This framing clearly has strategic advantage, but how does it affect our fundamental understanding of the photographer’s production? When first exhibited in the West in the seventies, the gypsies project was situated at both ends of the spectrum of modernist image making: most often, it was labeled ethnographic, but it was also presented in 1976 by John Szarkowski, the Museum of Modern Art’s very modernist curator, as a universalist exploration of form and the human condition. Neither model quite fits, making welcome Witkovsky’s suggestion that the gypsy images hover somewhere between art and ritual. The photographer made extended visits to Roma encampments throughout Eastern Europe in the sixties, recording the music he heard in them and taking what he described then as portraits. In the resulting images, the connection of photographer to photographed is palpable and somewhat romantic, as if the glassy cylinder of the lens somehow facilitated a transfer of souls. At the same time, the images engage in an intentional play with form. For example, many portraits explicitly thematize portraiture—in one instance, a Roma man displays a framed portrait, presumably of a lost relative, alongside a relief portrait of Czechoslovakia Communist Party leader Klement Gottwald; in another, a young bride is flanked by two women peering out through the glass of two windows like portraits hung on a cracked plaster wall. This admixture of the romantic and conceptual becomes yet more intriguing in light of Koudelka’s seeming investment in the Roma story as one with a kind of counter-world-historical significance. In the 1975 book presentations of Gypsies in French (Gitans, la fin du voyage, Paris: Delpire) and English (Gypsies, New York: Aperture), he insisted on the inclusion of a stylistically dry (although entirely fascinating) account of the long history of clashes between the Roma’s nomadic lifestyle and the norms governing Western civilization. Framed by that text, the photographs become not ethnographic documents, nor universalist statements—nor perhaps even Witkovsky’s mix of art and ritual—but monuments to an alternative mode of relating to the earth’s surface, an exploration of the visual poetics of people and territory; in some sense, they are a set of elaborations on the relationship of figure to ground. Whether this visual poetics is also a politics—and if so, what kind—is one of the more interesting questions productively raised, if not entirely answered, by the show’s reframing of Koudelka’s oeuvre.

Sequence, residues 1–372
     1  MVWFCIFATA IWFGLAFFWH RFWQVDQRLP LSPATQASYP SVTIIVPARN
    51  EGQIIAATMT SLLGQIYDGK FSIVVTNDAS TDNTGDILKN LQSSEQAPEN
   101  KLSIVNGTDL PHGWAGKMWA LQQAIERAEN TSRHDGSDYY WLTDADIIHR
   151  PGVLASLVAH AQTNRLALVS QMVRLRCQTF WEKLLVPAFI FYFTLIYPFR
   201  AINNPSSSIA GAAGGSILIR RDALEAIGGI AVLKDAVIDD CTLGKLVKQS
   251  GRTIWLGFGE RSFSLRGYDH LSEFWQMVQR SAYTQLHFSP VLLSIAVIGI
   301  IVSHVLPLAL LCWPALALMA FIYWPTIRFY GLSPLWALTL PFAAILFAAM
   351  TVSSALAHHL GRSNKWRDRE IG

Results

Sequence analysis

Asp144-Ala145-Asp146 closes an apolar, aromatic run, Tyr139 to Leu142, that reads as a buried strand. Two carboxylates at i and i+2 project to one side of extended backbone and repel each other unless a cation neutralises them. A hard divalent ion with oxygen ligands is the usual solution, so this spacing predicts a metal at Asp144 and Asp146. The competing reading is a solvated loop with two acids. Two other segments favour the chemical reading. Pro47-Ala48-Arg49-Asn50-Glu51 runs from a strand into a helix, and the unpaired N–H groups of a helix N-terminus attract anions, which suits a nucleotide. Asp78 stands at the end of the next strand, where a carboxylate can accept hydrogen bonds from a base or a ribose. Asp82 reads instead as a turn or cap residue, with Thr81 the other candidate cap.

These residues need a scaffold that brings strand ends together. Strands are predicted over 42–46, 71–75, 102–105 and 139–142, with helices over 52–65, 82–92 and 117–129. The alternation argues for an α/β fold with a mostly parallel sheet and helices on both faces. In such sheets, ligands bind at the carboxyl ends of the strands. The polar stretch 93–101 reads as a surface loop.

The final gallery of the exhibition, which features the panoramic images that Koudelka has produced since 1986, might have been the place to resolve this question. This work departs from his earlier projects in its elimination of human figures; it thus offers retrospective clarity insofar as the images are no longer mistakable as ethnographic or news photos. Most of the panoramas have been published as books as well as exhibited, and this gallery presents three of the books as parallel horizontal strips of images wrapping around the walls of the gallery, alongside several very large framed prints (each roughly two-and-a-half-meters long) from the series Archeology (2006). Again, the presentation emphasizes the multiple ways in which the images function.